When Gregg Murset told his six children that the whole family would be spending 20 days this summer traveling across the country in an RV and doing free chores for complete strangers, his children, aged 7 to 16, were at first stunned, then upset.
Despite the children’s unwillingness, the family hit the road on June 30. The family started the trip from their hometown of Phoenix and made stops at Albuquerque, Denver, Detroit and Richmond. Murset hopes to do chores for 25 families, one family in each city they stop by, in 20 days.
Murset had always wanted to lend a helping hand to those in need, especially families who are battling cancer. More importantly, he wanted to educate his children that there are many great people in the world who are going through some struggles. And they could use a little bit of help.
“As we started flushing out the tour, they [the children] really started to see the bigger picture,” Murset said. “They are really enjoying it now.”
“I think my three older kids had the biggest change of attitudes,” Murset said. “Teenagers today only think about themselves. It has been an eye-opening experience. The world is bigger than just them."
Murset said although the jobs they are doing are not extreme home makeover beyond people’s imagination, the families they helped out have been all very gracious.
"It was awesome to get their help. It saved us hours of work," Nichol Mattson, a Colorado mom who has been taking care of her daughter battling cancer for the past six years, told ABC News.
Mattson's daughter, Zaida, was diagnosed with peritoneal carcinomatosis, a rare type of cancer, when she turned 3. Now 9 years old, Zaida has been through various chemos and surgeries. Zaida had 22 months of remission in 2010, but relapsed in April 2012, and had surgery and radiation over the summer.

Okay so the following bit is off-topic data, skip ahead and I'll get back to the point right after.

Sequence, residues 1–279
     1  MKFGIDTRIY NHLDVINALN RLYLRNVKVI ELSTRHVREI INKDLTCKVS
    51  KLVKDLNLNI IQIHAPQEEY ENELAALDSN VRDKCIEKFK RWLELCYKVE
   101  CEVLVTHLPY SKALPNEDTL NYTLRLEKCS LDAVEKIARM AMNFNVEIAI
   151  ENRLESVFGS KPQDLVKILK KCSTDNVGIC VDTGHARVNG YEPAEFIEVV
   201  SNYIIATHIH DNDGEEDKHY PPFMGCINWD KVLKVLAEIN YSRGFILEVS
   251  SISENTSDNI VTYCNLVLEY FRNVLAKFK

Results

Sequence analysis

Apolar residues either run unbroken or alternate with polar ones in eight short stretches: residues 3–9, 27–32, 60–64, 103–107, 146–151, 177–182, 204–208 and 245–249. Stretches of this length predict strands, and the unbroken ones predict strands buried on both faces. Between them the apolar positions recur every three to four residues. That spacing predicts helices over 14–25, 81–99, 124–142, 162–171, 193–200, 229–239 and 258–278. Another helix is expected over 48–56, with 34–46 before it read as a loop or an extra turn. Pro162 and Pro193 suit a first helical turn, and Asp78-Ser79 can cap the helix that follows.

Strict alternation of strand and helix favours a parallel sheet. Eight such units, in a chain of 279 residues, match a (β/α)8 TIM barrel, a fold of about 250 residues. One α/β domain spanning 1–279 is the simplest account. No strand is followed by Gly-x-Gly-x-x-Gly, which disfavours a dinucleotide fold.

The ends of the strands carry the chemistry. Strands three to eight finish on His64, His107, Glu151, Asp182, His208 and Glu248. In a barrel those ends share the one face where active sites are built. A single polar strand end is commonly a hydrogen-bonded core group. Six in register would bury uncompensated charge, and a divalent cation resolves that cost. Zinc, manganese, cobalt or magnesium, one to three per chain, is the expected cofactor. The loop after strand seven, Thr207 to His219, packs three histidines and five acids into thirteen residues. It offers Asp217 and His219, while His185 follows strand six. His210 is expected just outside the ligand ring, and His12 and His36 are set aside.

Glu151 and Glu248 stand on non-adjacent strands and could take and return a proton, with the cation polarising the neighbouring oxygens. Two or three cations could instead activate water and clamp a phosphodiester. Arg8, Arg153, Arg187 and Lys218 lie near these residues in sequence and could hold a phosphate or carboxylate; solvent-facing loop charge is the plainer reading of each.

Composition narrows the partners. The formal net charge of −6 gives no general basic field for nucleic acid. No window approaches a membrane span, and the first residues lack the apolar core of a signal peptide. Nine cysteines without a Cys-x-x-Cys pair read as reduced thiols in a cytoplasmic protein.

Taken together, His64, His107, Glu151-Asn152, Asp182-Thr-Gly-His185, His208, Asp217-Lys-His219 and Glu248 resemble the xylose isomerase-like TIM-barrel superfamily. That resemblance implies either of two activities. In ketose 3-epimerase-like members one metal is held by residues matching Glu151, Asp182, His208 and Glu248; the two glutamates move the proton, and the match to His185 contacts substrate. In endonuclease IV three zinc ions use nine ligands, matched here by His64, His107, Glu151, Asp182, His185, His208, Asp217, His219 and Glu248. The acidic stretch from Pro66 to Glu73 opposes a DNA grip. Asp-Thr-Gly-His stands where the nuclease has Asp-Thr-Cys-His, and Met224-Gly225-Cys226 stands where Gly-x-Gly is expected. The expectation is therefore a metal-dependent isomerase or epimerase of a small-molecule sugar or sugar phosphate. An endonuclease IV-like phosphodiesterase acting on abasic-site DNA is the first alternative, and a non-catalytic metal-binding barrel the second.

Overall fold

"I think the painkiller numbed her a little bit," Mattson said. "She doesn't remember much of what she went through."
"But I remember everything," Mattson said. "I remember her face just after the surgeries. I remember the long and painful recovery. I remember everything she has gone through."
Mattson said because Zaida's surgeries are performed in a Houston hospital, the family constantly needs to stay in the area for a month.
"We have been neglecting our yard," Mattson said. "What Gregg did for us made us extra-motivated to make some improvements in our home. The help they gave us put a fire under our feet."
The whole act of kindness was all inspired by an app, My Job Chart, which was created by Gregg Murset. He used the app to find families in need of help.
“It’s a free app that any family could use to assign chores to their children,” Murset said. "Nowadays, there is a lot of couch time, video games, and a lot of messing around. Parents know they fundamentally need to teach their kids a little bit better," Murset said.
Murset said the app would help children develop tough work ethics, teach them how to be responsible and how to give back.
"There are currently 725,000 members using the app," Murset said. "Children can earn points by doing chores. When they reach a certain amount of points, they can each get cash from their parents, or their parents can donate to charities."
Mattson said one of the toughest things for families fighting cancer is to take all the help they can get, and not feel guilty about it.
"Things will never be the same again," Mattson said. "We met so many amazing people because of the illness. People we wouldn't otherwise know. It takes crisis to find out how amazing people can be.”
Sierra Murset, Gregg Murset's 15-year-old daughter, said she doesn't regret the trip at all.
"I didn't know how it would be when we got started, but now I am really enjoying it," Sierra Murset said.